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Friday, October 25, 2013
A hot collectible that is found in almost every household
People often ask
me ‘What’s hot?’ in terms of antiques and collectibles. It’s a question that
usually follows my grim speech about the largely declining resale marketplace.
One of the first
things that comes to mind is photos. And I’m referring to everyday snapshots, the
kind that are often found in shoeboxes in closets. Many times people are
shocked by this ‘You mean collectors are interested in photos of people they
don’t know?” they ask. And the answer is Indeed they do, it’s called vernacular
photography; photos taken by unknown or
anonymous photographers for themselves, family photos essentially. And it’s a
burgeoning collecting field.
invented in the 1820s so by 1900 almost every household had a camera. Flash
forward 5-6 generations and what we got are literally thousands of snap shots
of ancestors we didn’t know. These often have little interest to families and
therefore end up being given away, sold or (god forbid) thrown out and are currently
flooding flea markets, auctions and antique store shelves.
Now one of the
big appeals to photography is the human element. Nothing is much more personal
than a photo, it allows us to look into a person’s face, examine their
clothing, analyze the people they are with or the situation they are in, and
imagine what was going on or why the photo was taken, by whom and so on. It
allows us to fill in our own narrative.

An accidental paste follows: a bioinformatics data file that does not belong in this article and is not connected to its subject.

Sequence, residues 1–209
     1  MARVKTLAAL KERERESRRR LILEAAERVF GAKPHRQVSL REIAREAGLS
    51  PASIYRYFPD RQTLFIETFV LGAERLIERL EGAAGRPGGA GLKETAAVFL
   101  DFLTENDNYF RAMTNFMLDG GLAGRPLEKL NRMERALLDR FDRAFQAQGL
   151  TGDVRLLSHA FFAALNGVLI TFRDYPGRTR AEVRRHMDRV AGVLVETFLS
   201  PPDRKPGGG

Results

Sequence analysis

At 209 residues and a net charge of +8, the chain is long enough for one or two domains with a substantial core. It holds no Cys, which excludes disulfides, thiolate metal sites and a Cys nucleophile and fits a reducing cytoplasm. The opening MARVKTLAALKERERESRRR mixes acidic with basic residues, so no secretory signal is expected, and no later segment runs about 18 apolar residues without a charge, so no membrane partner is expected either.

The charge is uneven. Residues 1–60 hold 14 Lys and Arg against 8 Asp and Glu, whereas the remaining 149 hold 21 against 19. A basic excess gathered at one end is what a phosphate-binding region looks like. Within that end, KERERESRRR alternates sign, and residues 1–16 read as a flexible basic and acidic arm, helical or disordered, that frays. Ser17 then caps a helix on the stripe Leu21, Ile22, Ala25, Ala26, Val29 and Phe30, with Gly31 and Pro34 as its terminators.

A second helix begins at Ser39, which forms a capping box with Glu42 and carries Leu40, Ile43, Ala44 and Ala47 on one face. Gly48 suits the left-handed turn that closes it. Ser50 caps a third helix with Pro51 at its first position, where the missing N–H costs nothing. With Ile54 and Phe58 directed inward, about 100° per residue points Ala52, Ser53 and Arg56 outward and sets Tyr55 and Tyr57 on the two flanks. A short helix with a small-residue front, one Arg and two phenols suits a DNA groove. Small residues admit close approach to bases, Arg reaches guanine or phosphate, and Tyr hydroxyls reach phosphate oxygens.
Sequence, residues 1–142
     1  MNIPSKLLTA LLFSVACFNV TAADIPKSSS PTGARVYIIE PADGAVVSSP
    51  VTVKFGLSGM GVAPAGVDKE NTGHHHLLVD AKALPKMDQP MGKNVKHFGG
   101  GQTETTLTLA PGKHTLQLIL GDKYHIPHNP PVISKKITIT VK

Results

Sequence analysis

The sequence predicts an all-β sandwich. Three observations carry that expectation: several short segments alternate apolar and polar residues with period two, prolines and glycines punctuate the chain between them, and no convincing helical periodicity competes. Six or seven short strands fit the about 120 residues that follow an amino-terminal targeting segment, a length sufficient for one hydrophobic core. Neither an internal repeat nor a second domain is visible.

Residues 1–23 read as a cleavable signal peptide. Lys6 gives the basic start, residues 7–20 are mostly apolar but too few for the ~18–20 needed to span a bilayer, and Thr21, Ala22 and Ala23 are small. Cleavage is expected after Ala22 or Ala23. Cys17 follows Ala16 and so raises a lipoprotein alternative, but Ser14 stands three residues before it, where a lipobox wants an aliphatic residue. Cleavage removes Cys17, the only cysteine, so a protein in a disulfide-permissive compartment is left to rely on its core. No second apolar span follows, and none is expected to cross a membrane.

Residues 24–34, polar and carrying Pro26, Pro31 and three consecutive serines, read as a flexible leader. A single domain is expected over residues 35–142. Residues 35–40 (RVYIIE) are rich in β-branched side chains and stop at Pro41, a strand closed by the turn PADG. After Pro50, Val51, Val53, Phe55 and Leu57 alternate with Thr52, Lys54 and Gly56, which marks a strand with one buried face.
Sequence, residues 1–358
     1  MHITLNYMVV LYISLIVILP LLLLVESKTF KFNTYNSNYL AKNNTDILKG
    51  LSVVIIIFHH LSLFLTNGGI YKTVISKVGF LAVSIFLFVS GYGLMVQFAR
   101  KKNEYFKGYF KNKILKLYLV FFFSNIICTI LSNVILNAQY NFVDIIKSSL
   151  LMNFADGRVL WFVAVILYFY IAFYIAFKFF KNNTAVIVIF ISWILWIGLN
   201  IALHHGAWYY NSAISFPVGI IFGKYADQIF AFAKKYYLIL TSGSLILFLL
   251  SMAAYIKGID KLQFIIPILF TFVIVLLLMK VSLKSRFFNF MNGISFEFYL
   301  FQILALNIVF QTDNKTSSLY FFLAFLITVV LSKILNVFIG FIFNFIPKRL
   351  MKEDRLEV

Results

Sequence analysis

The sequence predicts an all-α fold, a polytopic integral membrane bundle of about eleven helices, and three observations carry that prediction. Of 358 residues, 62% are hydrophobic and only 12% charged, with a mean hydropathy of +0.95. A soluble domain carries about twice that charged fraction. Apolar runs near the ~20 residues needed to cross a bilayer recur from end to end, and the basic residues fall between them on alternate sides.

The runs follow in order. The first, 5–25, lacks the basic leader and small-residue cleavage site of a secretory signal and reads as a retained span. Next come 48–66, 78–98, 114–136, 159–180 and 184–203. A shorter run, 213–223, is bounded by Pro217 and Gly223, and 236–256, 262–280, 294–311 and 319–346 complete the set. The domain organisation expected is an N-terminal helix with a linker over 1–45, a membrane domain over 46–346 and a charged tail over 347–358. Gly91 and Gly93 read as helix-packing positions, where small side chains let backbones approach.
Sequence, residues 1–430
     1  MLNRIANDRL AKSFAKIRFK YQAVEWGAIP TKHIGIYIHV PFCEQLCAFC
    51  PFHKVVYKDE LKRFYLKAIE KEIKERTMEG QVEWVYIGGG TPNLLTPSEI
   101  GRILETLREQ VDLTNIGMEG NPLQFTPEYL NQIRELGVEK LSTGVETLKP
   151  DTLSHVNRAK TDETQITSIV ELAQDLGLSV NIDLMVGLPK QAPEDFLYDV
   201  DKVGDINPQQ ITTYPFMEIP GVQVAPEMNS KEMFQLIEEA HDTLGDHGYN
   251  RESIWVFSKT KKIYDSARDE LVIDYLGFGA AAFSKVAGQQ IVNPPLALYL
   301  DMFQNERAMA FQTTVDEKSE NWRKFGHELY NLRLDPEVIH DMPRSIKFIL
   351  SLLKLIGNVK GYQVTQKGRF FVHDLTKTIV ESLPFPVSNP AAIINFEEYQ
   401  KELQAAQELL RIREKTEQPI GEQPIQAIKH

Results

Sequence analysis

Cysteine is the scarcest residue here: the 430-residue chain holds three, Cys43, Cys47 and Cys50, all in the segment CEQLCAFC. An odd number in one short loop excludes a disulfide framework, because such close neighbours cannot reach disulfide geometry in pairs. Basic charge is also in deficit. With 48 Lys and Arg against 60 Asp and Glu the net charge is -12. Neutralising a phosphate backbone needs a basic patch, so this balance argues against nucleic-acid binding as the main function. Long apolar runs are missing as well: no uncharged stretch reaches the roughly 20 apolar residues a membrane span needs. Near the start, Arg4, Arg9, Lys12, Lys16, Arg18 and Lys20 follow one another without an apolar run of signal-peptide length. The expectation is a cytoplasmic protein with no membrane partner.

the potential variations within the field are limitless. For example, I have a
client who collects photos of wedding cakes, some people collect images with
dogs or cats in them, while others may be interested in photos that depict a
certain geographic area like their city or cottage area. So you can see there
are literally thousands of categories appealing to a huge range of collectors.
for every budget. Lastly, because you can go down to your local flea market or
antique show and buy a photo starting at a few dollars or less, it means the
bar to entry to starting a collection is very low and virtually anyone can
begin. It makes them very accessible to a lot of people. The reverse is also true, some photos and
photo albums regularly sell in the hundreds and thousands of dollars locally
and on eBay. An early photo of Billy the Kid sold for 2.3 million dollars in
So there you
have it, supply, demand, diversity and affordability all colliding to create a
very robust and growing field of collecting.
and white is a good cut-off point. Anything later is generally of less